The Yahoo! Answers community also speculate as to its purpose, with some users rationalizing that:

...the check is presented in the middle of a table and face down (so) whoever has chosen to pay can do so discreetly without the other party knowing how much the meal cost.

...so the person paying can keep how much they paid private from others at the table.

...if one person is paying, it's polite not to show eveyone else at the table the cost of the meal.

So, for matters of etiquette, custom, or otherwise, checks are often given face down. This would necessitate the person who is footing the bill to "flip" the check/bill over to see how much is owed. A combination of the forgotten origins of this idiom, coupled with this social norm, may have driven many to question whether the term foot is correct, leading to the usage of an as-yet etymologically recognized saying "flip" the bill. Michael Quinion mentions an "odd feeling" that may hint as to why some people would question it enough to use the word flip instead:

It is an odd expression, isn’t it? It’s the kind of idiomatic phrase that we may use regularly without any feeling that it’s in the least odd, until somebody such as yourself asks about it.

One may argue that this is simply misinterpreting the idiom, but it has steady use. A Herald Tribune article [3] written in 2005 has the title NFL, Bucs aren't offering to flip the bill, regarding who would ultimately pay for legal fees in a court dispute.

More personal usage can be found in an article written for a Poker website and various posts to message boards and blogs:

The gaming friendly jurisdiction of Gibraltar is reviewing possible actions to have this bill ratified according to Gambling911.com sources and PartyGaming could potentially help flip the bill.[4]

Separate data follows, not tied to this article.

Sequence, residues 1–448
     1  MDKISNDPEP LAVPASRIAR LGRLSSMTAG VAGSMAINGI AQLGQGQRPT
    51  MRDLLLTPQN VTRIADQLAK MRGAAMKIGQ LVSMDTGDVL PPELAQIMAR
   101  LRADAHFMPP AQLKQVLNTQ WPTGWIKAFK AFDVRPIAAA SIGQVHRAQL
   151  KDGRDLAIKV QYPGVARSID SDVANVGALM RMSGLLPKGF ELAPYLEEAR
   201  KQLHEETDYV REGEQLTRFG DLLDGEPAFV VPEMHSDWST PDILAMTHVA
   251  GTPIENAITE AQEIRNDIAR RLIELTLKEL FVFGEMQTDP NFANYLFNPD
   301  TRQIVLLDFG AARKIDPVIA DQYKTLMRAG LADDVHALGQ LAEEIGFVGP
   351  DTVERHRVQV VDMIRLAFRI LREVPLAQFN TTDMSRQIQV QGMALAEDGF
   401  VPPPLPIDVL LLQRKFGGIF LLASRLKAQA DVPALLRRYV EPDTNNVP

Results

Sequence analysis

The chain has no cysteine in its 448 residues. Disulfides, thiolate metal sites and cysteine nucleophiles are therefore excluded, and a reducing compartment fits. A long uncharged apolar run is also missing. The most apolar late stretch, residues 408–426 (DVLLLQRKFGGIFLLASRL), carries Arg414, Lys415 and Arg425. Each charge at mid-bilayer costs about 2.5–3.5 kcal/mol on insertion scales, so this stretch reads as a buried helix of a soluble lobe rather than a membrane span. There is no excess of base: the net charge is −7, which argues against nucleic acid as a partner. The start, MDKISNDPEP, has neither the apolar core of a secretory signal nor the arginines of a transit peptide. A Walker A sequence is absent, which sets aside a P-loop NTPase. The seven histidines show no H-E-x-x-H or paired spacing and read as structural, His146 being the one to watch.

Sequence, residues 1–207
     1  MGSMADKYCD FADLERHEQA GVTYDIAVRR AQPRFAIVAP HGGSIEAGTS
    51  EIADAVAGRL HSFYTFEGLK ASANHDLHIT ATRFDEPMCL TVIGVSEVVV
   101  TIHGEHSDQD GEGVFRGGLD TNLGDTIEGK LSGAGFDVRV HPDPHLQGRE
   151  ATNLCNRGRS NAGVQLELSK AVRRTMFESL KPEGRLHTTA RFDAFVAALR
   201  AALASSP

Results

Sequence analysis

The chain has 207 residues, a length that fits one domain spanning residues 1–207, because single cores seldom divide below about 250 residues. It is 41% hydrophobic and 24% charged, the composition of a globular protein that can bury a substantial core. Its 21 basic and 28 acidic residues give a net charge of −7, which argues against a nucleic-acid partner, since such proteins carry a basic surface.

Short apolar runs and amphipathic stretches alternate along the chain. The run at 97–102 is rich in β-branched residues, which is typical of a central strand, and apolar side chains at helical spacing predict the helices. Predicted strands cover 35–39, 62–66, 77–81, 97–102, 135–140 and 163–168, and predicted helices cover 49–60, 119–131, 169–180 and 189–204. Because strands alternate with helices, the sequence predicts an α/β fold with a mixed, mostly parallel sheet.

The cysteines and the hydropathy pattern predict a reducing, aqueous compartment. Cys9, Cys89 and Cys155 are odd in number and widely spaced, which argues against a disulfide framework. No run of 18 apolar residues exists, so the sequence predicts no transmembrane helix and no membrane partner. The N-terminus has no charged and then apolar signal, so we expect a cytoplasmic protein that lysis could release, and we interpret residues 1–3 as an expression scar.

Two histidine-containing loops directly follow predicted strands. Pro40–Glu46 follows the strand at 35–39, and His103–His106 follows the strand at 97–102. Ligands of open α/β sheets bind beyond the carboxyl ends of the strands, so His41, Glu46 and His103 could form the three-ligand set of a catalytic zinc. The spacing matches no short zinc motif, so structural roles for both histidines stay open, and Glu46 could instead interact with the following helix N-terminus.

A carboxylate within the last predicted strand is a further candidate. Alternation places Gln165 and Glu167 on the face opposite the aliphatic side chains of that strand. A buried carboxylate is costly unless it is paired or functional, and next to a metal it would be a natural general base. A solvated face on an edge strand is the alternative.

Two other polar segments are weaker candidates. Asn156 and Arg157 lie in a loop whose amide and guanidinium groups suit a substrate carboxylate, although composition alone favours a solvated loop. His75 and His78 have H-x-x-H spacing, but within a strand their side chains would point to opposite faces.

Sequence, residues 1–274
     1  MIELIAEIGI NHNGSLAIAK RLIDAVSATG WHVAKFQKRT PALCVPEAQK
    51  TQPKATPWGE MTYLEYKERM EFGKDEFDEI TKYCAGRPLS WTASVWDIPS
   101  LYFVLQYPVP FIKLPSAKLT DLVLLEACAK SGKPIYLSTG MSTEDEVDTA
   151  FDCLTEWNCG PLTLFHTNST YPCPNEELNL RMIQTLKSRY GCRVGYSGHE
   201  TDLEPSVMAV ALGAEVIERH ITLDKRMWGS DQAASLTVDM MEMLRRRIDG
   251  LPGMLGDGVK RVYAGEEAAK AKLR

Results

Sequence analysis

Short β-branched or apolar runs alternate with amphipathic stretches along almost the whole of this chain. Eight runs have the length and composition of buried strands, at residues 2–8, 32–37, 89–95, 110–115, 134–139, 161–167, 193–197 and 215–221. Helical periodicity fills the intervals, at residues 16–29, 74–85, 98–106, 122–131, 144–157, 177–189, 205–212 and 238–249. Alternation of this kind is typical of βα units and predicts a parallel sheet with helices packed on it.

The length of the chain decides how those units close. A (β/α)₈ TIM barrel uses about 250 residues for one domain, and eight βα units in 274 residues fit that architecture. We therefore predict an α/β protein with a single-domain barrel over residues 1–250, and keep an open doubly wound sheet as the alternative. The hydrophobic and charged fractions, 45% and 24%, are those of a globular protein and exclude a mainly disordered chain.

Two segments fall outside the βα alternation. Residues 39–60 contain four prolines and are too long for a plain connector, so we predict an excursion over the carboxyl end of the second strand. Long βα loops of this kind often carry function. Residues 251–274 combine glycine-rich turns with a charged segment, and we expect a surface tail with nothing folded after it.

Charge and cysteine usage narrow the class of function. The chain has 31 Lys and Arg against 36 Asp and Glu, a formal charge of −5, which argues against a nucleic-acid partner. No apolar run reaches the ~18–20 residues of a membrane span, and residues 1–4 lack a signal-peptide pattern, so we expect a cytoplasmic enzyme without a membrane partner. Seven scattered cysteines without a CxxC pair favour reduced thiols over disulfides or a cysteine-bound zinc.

My question is: if we are competing for the hearts and minds, then are we going to have to flip the bill for the average Arab to have full access just so pro western ways aren't completely censored from the masses? [5]
That's why we must make sure that the health care plan that succeeds this year is a more comprehensive plan that DOES NOT FLIP THE BILL ON WORKING PEOPLE while corporations get off SCOTT FREE! [6]

In fact, a quick search of the exact phrase in a search engine shows how often people use this variant to mean exactly the original idiom's modern-day interpretation as described by Michael Quinion. And for some more familiar with flipping a bill after dining out versus footing the total on an accounting ledger, this might easily seem to be the accurate wording. Ironically enough, another Yahoo! Answers question discussing a matter of etiquette, specifically which party should pay for a dinner, received the following response:

The person who extended the invitation should flip the bill.

As of this writing, flip the bill has not officially been recognized as a variant of foot the bill, or even as an idiom in its own right.